From 2007 to 2013, Frenken was the Scientific Director of the Dutch, national SmartMix consortium: Nano-IMaging under Industrial Conditions (NIMIC). In addition, he has recently served as the initiator and Director of the Dutch NanoNextNL program on Nano-Imaging and Characterization and of the Dutch FOM program on Fundamental Aspects of Friction. Frenken is a member of the Royal Netherlands Academy of Arts and Sciences (KNAW), serves on a variety of national and international committees and boards, is a past-chairman of the Dutch Association for Crystal Growth, former president of the Netherlands Vacuum Society, and past-chairman of the Condensed Matter Division of FOM, the Dutch national physics funding agency.
In 1985, Frenken won the Nottingham Prize (45th PEC Meeting, Milwaukee); in 1996 he was awarded a “Pionier” personal research grant from the Netherlands Organization for Scientific Research (NWO); in 2004 he was the recipient of the Science Prize of IUVSTA (International Union for Vacuum Science, Technique and Applications) "for his pioneering work in the development and application of scanning probe microscopy to study various dynamical processes at surfaces"; in 2007 he received the Jacob Kistemaker-Prijs (triennial, Dutch physics award); in 2010 he received an Advanced Grant from the European Research Council (ERC); and he is the recipient of the 2012 FOM-Valorization Prize (Dutch award for valorization of fundamental research in physics). Frenken is co-applicant of the 10-year NWO-Gravitation program Frontiers of NanoScience(NanoFront) that was awarded in 2012 to the universities of Delft and Leiden.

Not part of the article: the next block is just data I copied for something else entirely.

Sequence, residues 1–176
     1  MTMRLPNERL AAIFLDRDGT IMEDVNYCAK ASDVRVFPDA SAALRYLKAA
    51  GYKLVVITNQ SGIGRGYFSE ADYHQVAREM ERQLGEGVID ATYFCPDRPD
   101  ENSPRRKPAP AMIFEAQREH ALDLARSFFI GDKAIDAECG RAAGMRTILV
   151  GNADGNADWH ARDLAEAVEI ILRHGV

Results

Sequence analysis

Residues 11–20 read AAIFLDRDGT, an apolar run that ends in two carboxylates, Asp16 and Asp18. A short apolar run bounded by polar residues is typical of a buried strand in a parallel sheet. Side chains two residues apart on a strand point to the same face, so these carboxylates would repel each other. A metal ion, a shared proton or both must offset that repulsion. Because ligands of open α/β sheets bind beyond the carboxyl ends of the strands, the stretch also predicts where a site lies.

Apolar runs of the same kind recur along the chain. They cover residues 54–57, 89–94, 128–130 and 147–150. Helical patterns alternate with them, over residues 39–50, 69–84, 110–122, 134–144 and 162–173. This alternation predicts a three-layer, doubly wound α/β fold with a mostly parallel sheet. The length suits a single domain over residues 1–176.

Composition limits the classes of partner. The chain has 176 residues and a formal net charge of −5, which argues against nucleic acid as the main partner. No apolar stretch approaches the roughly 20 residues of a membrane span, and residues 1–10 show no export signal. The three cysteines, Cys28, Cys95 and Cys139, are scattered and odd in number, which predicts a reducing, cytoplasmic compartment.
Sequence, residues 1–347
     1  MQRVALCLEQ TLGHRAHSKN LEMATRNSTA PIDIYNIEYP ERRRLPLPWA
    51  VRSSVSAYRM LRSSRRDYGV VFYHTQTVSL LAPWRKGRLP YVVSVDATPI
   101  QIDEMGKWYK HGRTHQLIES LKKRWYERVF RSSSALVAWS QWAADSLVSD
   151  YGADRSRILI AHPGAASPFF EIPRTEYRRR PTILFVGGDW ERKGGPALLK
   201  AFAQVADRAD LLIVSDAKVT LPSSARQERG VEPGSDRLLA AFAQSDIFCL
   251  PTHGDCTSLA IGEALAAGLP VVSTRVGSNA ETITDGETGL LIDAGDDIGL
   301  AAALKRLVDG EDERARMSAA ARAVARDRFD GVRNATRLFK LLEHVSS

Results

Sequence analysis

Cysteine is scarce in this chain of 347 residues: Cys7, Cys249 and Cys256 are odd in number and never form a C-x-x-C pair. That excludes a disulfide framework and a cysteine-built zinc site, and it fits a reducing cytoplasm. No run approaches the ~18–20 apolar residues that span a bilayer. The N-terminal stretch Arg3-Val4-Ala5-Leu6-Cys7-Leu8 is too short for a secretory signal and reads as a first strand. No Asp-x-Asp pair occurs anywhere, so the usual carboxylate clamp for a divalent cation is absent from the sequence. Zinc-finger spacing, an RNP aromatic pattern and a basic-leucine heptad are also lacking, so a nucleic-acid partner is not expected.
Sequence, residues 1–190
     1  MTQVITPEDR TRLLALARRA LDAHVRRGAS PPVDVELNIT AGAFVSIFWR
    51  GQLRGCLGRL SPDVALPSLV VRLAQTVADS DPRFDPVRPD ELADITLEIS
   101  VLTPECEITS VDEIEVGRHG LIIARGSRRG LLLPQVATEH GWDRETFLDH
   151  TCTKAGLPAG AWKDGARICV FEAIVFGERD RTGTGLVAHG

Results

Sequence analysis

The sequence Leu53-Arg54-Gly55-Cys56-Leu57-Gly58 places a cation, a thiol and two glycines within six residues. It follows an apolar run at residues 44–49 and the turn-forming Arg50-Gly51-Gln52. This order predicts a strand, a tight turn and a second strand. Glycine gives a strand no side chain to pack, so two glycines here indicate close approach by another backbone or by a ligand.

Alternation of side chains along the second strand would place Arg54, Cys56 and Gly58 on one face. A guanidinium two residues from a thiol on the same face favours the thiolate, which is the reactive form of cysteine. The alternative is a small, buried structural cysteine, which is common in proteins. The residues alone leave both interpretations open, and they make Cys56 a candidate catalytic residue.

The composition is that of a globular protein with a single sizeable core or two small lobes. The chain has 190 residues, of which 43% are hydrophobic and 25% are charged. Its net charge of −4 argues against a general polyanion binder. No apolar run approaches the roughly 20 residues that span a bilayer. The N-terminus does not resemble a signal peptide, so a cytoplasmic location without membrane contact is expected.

Central to Frenken's research is the fundamental understanding of the dynamic aspects of surfaces and interfaces and their role in relevant, natural or industrial processes under practical conditions. Topics of interest include surface diffusion, crystal growth (e.g., graphene), surface phase transitions, catalysis and friction. For tailor-made measurements in each of these areas, Frenken’s research group has developed a variety of special-purpose scanning probe microscopes as well as dedicated instrumentation for surface x-ray diffraction.
Frenken has been (co)-initiator of two spin-off companies. Leiden Probe Microscopy BV markets commercialized versions of the research equipment developed in Frenken’s research group, with an emphasis on advanced scanning probe and x-ray diffraction instrumentation. Applied NanoLayers BV specializes in the large-scale production of high-quality graphene.